The extent to which I object to any religious belief is more or less commensurate with the level to which it informs one’s daily life. If you privately believe that the universe is 20 minutes away from being devoured in a ball of flame, but you still do a good job filing my tax returns, it’s really not my place to get all hot and bothered by your delusion. This isn’t to say that, if given the opportunity, I won’t say something about how ridiculous your beliefs are. After all, the truth is important. However, it simply doesn’t interest me to put my shoulders into exposing the irrationality of your particular faith. After all, provided you make no (or comparatively few) life decisions based on it, it’s a bit arch of me to go after it.
Islam, at least insofar as I understand it (and have seen it practiced) is one of those faiths wherein daily observance and connection to day-to-day life is much more persistent. Christianity, by comparison, has fewer daily rituals and practices that mark someone as “a Christian”. There is no dress code, there are no dietary restrictions, few necessary public observances. It is far easier to be a “stealth Christian” than it is to be a “stealth Muslim”. Couple that with daily prayers and the phrase “inshallah” (which one of the guys I work with uses – to be sure, one branch of my family doesn’t talk about the future without saying “God willing”, so that kind of obeisance is not exclusively Muslim), and you get a religion that is very much a ‘live in’ one.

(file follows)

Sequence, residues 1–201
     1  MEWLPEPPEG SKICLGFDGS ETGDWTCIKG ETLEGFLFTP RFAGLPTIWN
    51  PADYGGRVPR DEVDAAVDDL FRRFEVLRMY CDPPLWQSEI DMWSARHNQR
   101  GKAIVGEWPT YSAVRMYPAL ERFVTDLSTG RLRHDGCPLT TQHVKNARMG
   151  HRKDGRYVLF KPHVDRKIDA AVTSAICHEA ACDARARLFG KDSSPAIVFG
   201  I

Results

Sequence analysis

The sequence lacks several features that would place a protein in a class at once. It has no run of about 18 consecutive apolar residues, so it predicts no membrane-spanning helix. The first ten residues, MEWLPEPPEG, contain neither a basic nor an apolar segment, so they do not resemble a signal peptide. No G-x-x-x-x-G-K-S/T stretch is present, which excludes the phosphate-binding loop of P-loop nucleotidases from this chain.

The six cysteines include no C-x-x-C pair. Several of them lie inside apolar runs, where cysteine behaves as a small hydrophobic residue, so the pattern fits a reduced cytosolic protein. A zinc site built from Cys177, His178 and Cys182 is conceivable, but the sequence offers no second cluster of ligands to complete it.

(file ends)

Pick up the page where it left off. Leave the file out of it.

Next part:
Perhaps the most visible signifier of Muslim belief is the head covering that many Muslim women wear (either by choice or by coercion). I’ve known sisters, both who would describe themselves as ‘observant’ – one wore the head scarf, the other did not. It was very much a choice for them, and I have no quarrel with that. The only thing that weirds me out about the whole practice is the fact that it is an open, visible sign to everyone around you that you subscribe to the belief that women ought to cover their hair for ‘modesty’ purposes. I would be, I imagine, similarly put off by a Catholic woman who wore a wimple or a Hindu woman displaying a bindi (although the bindi is often cosmetic rather than religious).